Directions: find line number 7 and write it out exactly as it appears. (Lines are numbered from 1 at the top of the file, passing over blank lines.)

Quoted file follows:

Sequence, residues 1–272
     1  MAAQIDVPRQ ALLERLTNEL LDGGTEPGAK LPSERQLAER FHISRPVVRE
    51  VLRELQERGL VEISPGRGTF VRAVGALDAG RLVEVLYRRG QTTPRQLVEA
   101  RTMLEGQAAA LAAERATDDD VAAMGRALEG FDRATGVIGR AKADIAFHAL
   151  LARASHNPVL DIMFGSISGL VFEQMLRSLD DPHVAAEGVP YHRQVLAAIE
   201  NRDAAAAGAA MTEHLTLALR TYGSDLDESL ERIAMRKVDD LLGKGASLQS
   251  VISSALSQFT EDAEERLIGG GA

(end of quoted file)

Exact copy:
   251  VISSALSQFT EDAEERLIGG GA